“Overwatch is anime” – Exploring an alternative interpretational framework for competitive gaming

Ruotsalainen Maria Välisalo Tanja
2020 DiGRA ’20 – Proceedings of the 2020 DiGRA International Conference: Play Everywhere

Esports has often been likened and compared to traditional sports. This paper suggests an alternative interpretative framework for competitive gaming by focusing on the team-based first-person shooter game Overwatch. We explore Overwatch esports using multi-sited ethnography and demonstrate how the fans and viewers use a rich spectrum of cultural products to enrich and explain their relationship with esports. In the case of Overwatch, anime is particularly prominent, used not only to enrich and explain, but also to challenge ‘sports normativity’, which is visible in the media discussions on Overwatch as well as in the production choices of the esports tournament organizer. This also has consequences on the norms and the values of the fans and the viewer: for instance, it affects the way masculinity is constructed in the context of competitive Overwatch.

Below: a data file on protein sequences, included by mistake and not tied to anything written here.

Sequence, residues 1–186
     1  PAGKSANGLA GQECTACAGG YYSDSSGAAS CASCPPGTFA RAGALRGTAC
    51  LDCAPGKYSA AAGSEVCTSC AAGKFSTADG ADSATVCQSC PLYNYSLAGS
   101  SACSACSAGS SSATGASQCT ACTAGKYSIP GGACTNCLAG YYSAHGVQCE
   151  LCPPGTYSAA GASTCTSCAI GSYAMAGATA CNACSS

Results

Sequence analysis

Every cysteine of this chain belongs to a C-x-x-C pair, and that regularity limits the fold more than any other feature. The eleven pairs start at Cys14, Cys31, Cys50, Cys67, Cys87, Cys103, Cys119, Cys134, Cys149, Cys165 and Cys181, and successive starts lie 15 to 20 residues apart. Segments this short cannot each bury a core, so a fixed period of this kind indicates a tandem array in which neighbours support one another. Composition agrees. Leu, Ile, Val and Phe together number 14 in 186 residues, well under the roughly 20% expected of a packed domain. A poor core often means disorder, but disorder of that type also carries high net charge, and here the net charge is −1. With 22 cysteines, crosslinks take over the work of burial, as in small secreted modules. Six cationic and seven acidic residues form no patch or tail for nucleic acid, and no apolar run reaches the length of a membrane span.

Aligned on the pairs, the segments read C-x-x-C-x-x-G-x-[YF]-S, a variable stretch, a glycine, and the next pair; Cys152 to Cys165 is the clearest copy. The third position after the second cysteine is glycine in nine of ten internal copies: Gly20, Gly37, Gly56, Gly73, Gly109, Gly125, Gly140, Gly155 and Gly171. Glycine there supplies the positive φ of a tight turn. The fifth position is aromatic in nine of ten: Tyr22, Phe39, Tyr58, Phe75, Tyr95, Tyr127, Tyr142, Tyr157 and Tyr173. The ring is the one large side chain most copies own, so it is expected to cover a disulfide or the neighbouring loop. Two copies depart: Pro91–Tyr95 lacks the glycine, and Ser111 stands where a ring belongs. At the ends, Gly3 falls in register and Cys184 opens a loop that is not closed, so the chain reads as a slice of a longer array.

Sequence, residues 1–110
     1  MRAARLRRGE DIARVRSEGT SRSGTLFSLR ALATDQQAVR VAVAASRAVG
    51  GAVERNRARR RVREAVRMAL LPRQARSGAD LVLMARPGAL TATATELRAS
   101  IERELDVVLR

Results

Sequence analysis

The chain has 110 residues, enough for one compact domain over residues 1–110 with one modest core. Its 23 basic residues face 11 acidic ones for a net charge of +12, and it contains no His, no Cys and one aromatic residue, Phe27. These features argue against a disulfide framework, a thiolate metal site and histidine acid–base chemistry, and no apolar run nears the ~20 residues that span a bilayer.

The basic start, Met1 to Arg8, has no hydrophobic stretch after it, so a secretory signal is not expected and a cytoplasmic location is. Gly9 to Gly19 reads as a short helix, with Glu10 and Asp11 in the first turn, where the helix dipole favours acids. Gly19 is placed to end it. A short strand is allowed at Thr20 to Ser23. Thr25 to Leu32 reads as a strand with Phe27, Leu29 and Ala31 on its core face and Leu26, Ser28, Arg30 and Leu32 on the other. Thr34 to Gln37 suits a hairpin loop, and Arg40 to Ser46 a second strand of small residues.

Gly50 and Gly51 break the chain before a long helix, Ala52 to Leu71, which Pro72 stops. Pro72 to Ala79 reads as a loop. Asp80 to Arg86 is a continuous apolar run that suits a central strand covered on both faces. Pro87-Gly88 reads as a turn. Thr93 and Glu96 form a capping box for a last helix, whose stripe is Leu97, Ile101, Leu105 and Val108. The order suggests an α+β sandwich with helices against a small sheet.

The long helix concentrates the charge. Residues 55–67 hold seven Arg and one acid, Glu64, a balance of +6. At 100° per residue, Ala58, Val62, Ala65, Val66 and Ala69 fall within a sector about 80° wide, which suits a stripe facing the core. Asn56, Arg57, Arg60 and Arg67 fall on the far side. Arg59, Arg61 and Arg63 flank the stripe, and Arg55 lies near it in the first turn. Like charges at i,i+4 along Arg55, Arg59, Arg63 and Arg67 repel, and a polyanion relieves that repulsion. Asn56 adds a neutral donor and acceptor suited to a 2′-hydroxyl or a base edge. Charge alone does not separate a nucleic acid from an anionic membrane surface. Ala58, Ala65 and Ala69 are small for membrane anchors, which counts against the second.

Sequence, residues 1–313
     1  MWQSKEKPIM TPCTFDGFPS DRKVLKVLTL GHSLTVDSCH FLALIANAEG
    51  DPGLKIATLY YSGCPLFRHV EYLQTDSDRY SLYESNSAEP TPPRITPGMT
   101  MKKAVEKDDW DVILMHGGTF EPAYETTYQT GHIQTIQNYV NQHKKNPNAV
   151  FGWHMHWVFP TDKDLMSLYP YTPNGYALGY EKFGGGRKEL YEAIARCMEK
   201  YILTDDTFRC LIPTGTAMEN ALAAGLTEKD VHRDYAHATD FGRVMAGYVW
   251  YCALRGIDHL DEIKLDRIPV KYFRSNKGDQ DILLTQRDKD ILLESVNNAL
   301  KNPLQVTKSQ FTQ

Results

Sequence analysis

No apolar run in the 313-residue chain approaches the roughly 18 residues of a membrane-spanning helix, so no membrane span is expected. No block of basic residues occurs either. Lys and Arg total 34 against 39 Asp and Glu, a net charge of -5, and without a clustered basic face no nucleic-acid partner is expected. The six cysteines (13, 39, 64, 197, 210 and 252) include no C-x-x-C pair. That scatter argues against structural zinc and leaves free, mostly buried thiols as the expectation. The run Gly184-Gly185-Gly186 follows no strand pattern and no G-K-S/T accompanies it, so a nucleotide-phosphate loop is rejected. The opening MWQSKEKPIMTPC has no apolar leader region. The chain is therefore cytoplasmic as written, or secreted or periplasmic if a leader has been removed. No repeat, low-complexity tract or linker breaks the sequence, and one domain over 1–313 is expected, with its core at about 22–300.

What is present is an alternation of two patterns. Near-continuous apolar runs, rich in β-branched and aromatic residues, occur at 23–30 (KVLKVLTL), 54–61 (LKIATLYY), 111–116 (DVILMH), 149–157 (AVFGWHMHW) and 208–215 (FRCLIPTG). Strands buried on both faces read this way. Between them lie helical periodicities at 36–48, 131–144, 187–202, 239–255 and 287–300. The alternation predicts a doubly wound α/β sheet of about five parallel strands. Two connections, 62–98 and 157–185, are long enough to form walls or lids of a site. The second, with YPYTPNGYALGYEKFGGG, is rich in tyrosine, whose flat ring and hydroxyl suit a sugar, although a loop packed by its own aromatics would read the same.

“There Are No Women and They All Play Mercy”: Understanding and Explaining (the Lack of) Women’s Presence in Esports and Competitive Gaming

Ruotsalainen Maria Friman Usva
2018 DiGRA Nordic '18: Proceedings of 2018 International DiGRA Nordic Conference

In this paper, we explore women’s participation in esports and competitive gaming. We will analyze two different types of research material: online questionnaire responses by women explaining their reluctance to participate in esports, and online forum discussions regarding women’s participation in competitive Overwatch. We will examine the ways in which women’s participation – its conditions, limits and possibilities – are constructed in the discussions concerning women gamers, how women are negotiating their participation in their own words, and in what ways gender may affect these processes. Our findings support those made in previous studies concerning esports and competitive gaming as fields dominated by toxic meritocracy and hegemonic (geek) masculinity, and based on our analysis, women’s room for participation in competitive gaming is still extremely limited, both in terms of presence and ways of participation.